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Should You Get a New Computer? Or Even Upgrade?

A question that we all have to ask ourselves at some point, should I get... a new computer.

Sometimes you ask yourself because your computer doesn't seem to be able to handle all your

games and programs as fast as it used to.

And other times, you're just trying to convince yourself that you need a new one so you can

upgrade to the latest and greatest.

So clearly, there's a lot to consider when thinking about this, and there isn't any straightforward

answer.

And if you're hoping that I'LL give you an excuse to upgrade to a new computer you don't

need...

Well I might just do that

I think the most important thing to do first is divide up your reasons for upgrading into

two catagories.

What you want, and what you need.

AND YOU HAVE to be honest with yourself here.

99% of the time when you hear someone say "I need to do this" or "I need to get that",

they don't actually need it, and hey, I'm no exception to this.

Also, you need to consider the specifics of WHY you need a particular upgrade, whether

it's one component, or the entire computer.

Let's start off with cases where you would NEED to upgrade your computer, because these

are really easy.

Now, I'm not even talking about the obvious case where your computer is broken or something,

because that's a no brainer.

Rather, it may be that your computer is unable to do something that you consider really important.

It doesn't have to be a matter of life and death.

For example, perhaps ALL your friends just got a new video game, but your computer doesn't

meet the minimum specs.

Sure, you don't NEED to play the game in the sense that you won't die without it, but it

would really suck to be the only one not able to join in the fun.

Or another example is if you're like me and use your computer for work and it needs to

be pretty powerful, in my case to render videos.

So, the longer and higher the resolution the video is, or the more effects I use, the more

time it will take to render.

If you have a low power computer, sure, you COULD wait an entire day for a video to render,

but what if it fails, or you realize you made a mistake?

That's another case where having a more powerful computer can probably save you way more time

and money in the long run.

And it doesn't have to be a job either, it could be a hobby you spend a lot of time on.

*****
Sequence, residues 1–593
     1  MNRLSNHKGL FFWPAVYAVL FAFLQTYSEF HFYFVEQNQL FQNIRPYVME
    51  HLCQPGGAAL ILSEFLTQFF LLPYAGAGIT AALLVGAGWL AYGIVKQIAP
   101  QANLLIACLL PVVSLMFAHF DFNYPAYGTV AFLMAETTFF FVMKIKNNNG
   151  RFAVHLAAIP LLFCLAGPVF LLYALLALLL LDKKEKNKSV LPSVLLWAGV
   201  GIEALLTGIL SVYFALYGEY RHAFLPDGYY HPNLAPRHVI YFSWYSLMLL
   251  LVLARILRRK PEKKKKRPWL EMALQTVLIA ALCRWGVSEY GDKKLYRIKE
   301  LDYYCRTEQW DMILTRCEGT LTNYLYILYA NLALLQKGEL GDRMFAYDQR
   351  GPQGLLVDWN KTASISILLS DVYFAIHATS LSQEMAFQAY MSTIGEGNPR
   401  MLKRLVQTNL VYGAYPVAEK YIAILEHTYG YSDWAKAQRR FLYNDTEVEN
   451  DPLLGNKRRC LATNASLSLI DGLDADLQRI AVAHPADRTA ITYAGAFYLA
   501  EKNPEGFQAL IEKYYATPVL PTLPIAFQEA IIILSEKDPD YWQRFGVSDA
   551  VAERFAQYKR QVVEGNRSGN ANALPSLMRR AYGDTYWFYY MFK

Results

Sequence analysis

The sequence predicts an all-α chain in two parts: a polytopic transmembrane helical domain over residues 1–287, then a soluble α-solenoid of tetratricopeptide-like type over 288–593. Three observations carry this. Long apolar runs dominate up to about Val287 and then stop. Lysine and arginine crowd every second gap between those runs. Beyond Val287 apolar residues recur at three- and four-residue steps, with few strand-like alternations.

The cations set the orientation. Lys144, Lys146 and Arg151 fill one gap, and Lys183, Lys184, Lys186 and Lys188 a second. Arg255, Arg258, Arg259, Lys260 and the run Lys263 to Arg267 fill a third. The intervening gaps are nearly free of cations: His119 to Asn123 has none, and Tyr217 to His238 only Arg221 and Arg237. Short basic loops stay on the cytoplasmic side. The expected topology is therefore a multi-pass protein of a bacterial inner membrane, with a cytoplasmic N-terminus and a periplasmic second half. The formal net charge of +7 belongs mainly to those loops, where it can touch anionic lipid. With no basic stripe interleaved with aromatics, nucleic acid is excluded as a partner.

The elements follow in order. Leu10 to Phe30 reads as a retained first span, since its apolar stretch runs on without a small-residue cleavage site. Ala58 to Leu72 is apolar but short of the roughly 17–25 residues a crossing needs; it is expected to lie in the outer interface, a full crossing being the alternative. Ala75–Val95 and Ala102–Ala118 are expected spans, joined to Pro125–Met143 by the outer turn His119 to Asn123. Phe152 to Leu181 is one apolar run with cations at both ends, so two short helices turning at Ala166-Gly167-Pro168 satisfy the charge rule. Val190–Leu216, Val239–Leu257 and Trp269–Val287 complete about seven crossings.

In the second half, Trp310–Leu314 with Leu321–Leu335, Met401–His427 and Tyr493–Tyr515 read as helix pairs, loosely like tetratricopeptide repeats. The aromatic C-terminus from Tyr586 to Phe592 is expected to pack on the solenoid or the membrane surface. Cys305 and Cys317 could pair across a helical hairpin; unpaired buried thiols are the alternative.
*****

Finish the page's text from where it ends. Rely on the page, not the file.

If you get to the point where your computer makes it not necessarily IMPOSSIBLE, but IMPRACTICAL

to do something you either need or really want to do, then I think it's totally justifiable

to upgrade.

Now what if you know your computer is fully capable of doing everything you need, but

there's still a little voice in your head telling you that it's just not good enough?

If you're like me, your brain might jump through a lot of hoops to convince you that you that

getting a shiny new machine will solve all your problems!

But we need to take a logical viewpoint here, and not get ahead of ourselves.

First thing to consider, is what EXACTLY do you want to get out of the new computer, or

even an expensive new component?

Do you want to be able to run your favorite game on the next higher graphics setting?

Do you want to get a higher framerate, or higher resolution?

Is there any other reason besides video game performance?

That last one is especially important, because many times you don't necesssarily have to

upgrade the whole computer, but just a component or two.

So let's say your computer runs completely fine 99% of the time, but just can't run games

as fast as you'd like.

Honestly, it probably wouldn't make sense to upgrade the whole computer just for game

performance, unless it's REALLY old.

You'd probably be able to get away with just upgrading the graphics card.

Or maybe it is the case where the computer overall is pretty slow and frustrating.

I still wouldn't just jump right into a new computer, because there are a few options

you can take beforehand.

I think the BIGGEST improvement you could make is upgrading from a regular hard disk

to a solid state drive, if you don't have one already.

People always seem to talk about getting more RAM, but that doesn't always necessarily improve

performance.

Getting an ssd WILL almost always improve performance, because a mechanical harddrive

is so slow compared to other components in a computer, and often the bottleneck.

Anything from copying files, to searching through folders in explorer, or loading the

map in a video game.

Not only is this because SSDs have faster read and write speeds in general, but also

because you don't have to worry about fragmentation.

In a hard drive, files are stored all over the physical platters, which means if you

have to access lots of little files at once, the drive head has to physically move back

and forth more to read them, which relatively, takes LONG time.

With a solid state drive, there is no drive head, so files can be accessed instantly no

matter what.

So seriously, try upgrading to an SSD before you do anything.

Now let's say you already have an SSD, but the computer is still pretty slow.

Unless it's slow during video games, upgrading your graphics card probably won't help, so

let's scratch that off.

That leaves two main components left, the RAM and the CPU.

Now this is tricky because a bottleneck in either might manifest itself very similarly.

If you don't have enough RAM or it's very slow, it doesn't matter how fast your CPU

is because the RAM can't queue up the data to be processed fast enough.

And oppositely, if you have a slow CPU and fast RAM, even though the RAM can queue up

data to be processed quickly, the CPU can only do it slowly anyway.

Now I will say that 9 times out of 10, the main bottleneck WILL be the CPU, especially

if the computer is old.

But the cases where RAM will be a big factor is either if you just don't have nearly enough